It’s hard to believe that someone who is supposed to be a news analyst wouldn’t take the time to understand America’s First Amendment before writing an op-ed for The Washington Post displaying a complete lack of understanding of why we should always fight for free speech even if we don’t agree with it. EVEN IF WE DONT AGREE WITH IT!

Richard Stengel is a Muslim former Obama administration official who “endorsed the creation of a hate speech law” while working in the State Department.  He’s another Obama official who has followed a career path similar to so many other Obama officials. He’s a political analyst on MSNBC, but he still hasn’t grasped the idea of free speech in a free society. Go figure.

Stengel’s WaPo op-ed argued that America needs to outlaw hateful speech…including Koran burning. Yes, he wants to go down that slippery slope, which proves he doesn’t get what free speech is and why we should fight for it.

“Yes, the First Amendment protects the ‘thought that we hate,’ but it should not protect hateful speech that can cause violence by one group against another. In an age when everyone has a megaphone, that seems like a design flaw,” Stengel argued in a Washington Post op-ed Tuesday.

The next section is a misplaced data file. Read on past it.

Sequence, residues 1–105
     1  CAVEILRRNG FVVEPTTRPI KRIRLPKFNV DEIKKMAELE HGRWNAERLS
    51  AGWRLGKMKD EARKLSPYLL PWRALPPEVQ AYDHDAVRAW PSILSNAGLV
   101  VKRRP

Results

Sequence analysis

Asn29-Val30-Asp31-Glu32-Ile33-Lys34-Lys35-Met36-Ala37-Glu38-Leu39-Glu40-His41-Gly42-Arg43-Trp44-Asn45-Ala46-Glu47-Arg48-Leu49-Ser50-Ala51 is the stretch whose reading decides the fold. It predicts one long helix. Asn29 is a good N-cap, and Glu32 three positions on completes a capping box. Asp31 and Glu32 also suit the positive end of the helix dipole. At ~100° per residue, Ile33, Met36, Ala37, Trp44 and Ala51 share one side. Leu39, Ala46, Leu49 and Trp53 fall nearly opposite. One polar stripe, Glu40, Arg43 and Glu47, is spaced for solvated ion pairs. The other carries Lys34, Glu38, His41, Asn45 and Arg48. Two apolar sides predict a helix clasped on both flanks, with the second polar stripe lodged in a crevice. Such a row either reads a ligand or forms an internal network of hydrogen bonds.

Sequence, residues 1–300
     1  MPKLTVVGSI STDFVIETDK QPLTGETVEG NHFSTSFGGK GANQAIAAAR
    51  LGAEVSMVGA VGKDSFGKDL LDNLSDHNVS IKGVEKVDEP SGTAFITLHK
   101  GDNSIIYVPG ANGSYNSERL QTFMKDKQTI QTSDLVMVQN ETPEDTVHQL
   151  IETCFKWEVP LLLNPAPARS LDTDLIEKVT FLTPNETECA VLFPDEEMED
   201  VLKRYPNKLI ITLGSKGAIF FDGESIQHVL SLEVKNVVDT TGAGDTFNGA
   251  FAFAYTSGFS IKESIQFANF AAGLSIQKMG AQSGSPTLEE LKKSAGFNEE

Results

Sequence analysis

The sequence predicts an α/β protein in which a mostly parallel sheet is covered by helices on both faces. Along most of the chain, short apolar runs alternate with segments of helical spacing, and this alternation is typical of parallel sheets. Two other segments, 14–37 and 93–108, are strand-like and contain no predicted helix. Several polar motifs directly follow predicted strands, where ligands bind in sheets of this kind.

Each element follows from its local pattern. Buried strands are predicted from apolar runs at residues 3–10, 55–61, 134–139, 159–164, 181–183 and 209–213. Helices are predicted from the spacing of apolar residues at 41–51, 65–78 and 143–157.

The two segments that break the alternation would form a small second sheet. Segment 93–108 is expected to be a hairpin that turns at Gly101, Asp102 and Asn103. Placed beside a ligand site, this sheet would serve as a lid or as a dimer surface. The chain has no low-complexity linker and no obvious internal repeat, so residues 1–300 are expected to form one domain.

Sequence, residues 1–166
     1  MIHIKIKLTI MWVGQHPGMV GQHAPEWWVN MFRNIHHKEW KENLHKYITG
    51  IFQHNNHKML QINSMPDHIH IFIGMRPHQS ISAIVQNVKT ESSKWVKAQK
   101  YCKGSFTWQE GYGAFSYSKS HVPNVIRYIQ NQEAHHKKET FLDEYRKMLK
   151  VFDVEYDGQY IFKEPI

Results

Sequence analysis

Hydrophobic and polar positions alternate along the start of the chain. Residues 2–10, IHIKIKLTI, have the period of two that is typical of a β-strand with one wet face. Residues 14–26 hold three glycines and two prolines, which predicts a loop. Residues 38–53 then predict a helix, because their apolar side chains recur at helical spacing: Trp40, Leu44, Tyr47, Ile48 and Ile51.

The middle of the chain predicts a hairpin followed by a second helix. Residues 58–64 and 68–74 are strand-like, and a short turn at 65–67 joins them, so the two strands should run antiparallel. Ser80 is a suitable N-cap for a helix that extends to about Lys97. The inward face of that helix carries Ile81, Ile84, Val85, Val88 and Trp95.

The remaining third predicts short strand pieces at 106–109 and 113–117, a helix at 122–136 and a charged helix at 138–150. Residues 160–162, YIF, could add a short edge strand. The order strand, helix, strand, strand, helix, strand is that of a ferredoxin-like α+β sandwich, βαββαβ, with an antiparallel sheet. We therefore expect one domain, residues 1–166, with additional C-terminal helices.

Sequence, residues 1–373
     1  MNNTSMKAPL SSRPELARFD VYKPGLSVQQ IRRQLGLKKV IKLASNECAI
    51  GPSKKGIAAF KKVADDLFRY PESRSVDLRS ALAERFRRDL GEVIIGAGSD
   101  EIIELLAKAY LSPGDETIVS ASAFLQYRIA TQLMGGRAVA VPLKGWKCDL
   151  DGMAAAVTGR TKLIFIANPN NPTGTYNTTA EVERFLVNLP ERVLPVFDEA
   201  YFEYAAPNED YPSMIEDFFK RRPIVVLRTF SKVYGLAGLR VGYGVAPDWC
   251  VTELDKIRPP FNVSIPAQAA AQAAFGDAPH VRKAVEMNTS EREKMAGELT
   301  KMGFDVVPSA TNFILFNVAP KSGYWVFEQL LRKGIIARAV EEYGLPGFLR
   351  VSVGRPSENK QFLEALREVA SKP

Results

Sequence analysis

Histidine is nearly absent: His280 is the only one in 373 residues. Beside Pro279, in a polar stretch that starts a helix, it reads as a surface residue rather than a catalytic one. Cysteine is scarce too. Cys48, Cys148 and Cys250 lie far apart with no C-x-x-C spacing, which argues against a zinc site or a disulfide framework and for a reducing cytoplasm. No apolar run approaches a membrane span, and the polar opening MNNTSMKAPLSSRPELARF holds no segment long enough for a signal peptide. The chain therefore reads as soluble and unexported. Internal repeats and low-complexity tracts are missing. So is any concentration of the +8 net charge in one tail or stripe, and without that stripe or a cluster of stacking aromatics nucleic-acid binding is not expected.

According to the Washington Free Beacon, Stengel, who worked as the managing editor of Time magazine before becoming undersecretary for public diplomacy and public affairs at the State Department under President Barack Obama, endorsed the creation of a hate speech law. The MSNBC analyst said his experience in the Obama administration led him to renounce the idea that the Constitution protects “not free thought for those who agree with us but freedom for the thought that we hate,” quoting Supreme Court Justice Oliver Wendell Holmes Jr.

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“As a government official traveling around the world championing the virtues of free speech, I came to see how our First Amendment standard is an outlier.”

“Even the most sophisticated Arab diplomats that I dealt with did not understand why the First Amendment allows someone to burn a Koran. Why they asked me, would you ever want to protect that?”

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